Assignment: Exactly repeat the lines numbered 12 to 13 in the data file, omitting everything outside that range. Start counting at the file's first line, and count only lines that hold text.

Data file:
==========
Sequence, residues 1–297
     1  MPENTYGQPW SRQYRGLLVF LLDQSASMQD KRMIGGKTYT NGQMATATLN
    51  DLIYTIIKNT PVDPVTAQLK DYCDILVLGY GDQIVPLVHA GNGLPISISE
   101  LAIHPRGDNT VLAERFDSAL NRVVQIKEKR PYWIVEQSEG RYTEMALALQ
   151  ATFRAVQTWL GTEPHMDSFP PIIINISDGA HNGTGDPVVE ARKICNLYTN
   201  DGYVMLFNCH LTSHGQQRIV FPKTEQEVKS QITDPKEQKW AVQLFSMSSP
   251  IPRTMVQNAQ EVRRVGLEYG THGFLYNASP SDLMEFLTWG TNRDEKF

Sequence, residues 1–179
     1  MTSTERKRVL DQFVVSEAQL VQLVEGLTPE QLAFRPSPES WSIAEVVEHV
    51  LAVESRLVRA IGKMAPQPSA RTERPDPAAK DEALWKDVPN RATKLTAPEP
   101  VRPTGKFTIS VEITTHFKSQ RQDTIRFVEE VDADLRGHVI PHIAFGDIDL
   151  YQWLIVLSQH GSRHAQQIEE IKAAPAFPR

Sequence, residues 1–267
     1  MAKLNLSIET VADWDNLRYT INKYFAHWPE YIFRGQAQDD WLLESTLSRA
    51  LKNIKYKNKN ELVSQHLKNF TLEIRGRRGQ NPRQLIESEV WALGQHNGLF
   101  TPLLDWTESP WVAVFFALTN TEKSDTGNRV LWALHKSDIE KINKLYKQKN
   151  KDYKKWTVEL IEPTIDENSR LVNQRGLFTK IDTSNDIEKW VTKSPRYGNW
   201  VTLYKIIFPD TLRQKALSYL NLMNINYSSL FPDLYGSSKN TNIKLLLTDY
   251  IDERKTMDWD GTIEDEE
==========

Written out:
   151  YQWLIVLSQH GSRHAQQIEE IKAAPAFPR

Sequence, residues 1–267